PLAY AUDIO

We’ll bet you didn’t know that the USDA, mostly known to consumers as the part of the government that inspects our food supply, is also involved in education. Well, USDA secretary Tom Vilsack announced today that his office will be giving over $35 million to 21 historically black college and universities, the so called land-grant HBCU’s. Like other large universities including Rutgers, Penn State and others all around the country, these are schools that received land through federal grants in 1890, setting up the public college system we know today.

“Great schools, great universities, great colleges helping out kids all over the country,” Vilsack told the Tom Joyner Morning Show. “Twenty-one colleges in 19 states and two territories, including the District of Columbia. Our National Institute of Food and Agriculture gives out money every year for research; for extension, for teaching capacity, for buildings and facilities in a number of areas. Today we’re announcing 76 total grants amounting to $35 million for a number of these historically Black universities and colleges.

To Tom Joyner’s delight, one of the schools receiving funds is his alma mater, Tuskegee University.

“This will affect about 18 schools give or take,” Vilsack said. “I’ll just give you an example. Tuskegee – that’s a pretty good school to pick out. I received an honorary degree from Tuskegee so that’s my favorite. I don’t know how you feel about that, Tom.”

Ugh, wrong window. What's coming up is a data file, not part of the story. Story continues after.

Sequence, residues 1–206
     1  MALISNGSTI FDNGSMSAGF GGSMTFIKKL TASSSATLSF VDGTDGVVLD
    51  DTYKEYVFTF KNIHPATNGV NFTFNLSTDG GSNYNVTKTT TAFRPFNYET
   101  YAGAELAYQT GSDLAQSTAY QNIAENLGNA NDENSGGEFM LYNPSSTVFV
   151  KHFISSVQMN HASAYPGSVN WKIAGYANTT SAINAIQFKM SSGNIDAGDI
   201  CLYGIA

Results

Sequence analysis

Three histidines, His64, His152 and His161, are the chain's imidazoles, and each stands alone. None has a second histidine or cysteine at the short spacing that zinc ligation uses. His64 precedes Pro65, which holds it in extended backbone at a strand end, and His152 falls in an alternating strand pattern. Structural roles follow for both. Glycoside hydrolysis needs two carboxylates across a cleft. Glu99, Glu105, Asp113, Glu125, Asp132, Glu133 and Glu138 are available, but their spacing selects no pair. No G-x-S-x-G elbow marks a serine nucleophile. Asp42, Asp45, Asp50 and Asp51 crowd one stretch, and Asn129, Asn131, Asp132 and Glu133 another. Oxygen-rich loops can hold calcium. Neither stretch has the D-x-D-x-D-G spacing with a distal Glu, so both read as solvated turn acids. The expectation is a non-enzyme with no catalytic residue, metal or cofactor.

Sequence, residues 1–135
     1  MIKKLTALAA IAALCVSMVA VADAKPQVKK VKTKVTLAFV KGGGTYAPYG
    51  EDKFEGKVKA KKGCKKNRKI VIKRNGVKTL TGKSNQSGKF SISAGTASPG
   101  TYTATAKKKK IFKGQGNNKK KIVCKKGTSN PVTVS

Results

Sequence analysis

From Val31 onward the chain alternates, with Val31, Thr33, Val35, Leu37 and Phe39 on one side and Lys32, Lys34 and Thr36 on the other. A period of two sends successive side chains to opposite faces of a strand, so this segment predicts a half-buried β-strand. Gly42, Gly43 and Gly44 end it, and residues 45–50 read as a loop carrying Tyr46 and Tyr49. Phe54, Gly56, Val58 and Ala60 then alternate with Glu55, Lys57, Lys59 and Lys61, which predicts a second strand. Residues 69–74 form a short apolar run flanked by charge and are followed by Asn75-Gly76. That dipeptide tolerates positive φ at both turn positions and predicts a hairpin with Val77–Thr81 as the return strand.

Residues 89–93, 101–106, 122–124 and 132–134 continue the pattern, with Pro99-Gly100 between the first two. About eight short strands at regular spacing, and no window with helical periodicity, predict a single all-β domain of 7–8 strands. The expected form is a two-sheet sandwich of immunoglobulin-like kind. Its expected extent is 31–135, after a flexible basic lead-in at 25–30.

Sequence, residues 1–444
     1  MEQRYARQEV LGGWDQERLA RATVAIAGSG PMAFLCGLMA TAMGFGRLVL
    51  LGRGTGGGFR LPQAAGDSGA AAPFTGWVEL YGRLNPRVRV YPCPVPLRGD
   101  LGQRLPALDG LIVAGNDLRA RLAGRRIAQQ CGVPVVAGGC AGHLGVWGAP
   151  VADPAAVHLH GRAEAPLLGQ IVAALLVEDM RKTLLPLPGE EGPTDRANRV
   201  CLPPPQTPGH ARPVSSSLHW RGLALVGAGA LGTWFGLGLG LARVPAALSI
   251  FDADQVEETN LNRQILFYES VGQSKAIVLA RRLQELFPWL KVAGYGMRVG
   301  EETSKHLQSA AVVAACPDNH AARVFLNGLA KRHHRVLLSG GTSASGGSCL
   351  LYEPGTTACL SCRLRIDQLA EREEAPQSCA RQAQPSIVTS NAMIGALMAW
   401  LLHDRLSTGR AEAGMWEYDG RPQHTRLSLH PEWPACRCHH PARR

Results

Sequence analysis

Tom, of course, had to respond to the good news. “I actually earned a degree,” he said. “It took me a while, but I earned it.”

Vilsack detailed the grants that Tuskegee will receive. The school, which is known for its agricultural program of study, will receive over $2 million in grants.

“They are getting five separate grants. They’re getting two extension grants for nearly a million dollars, there’s two teaching grants for nearly a million dollars and a building grant that’s almost a million dollars.” The grants are applied to each HBCU recipient in a number of ways, explains Vilsack.

“There are a few different pots. The research extension and teaching capacity pot needs to go into some priority areas. Maybe you’re looking at food security, they may be looking at childhood obesity prevention, they may be looking into food safety issues or climate change or bio-energy issues, so they help the students learn about those issues and provide resources. On the building facilities side, it really is about food science facilities. They may have a lab, they may have a science center that’s dedicated to food science. This [money] helps to equip the facility or build the facility. It can also go into libraries.”

Vilsack says the federal government is committed to providing funds for education and that the HBCU’s are an important part of that package.

“Since 2009, we’ve invested $647 million in those facilities and it’s a great investment.”

The following is a list of HBCU’s around the country and the specific grants they’ve received. Check the list to see if your school or alma mater is included and what funds they’ll receive.

NIFA is awarding $17,691,148 through the 1890 CBG Program, including:

Research:

  • Delaware State University, Dover, Delaware: $299,938 (1 award)
  • Florida A&M University, Tallahassee, Florida: $300,000 (1 award)
  • Fort Valley State University, Fort Valley, Georgia: $499,744 (1 award)
  • Kentucky State University, Frankfort, Kentucky: $504,640 (1 award)
  • Southern University, Baton Rouge, Louisiana: $784,876 (2 awards)
  • Lincoln University, Jefferson City, Missouri: $999,213 (2 awards)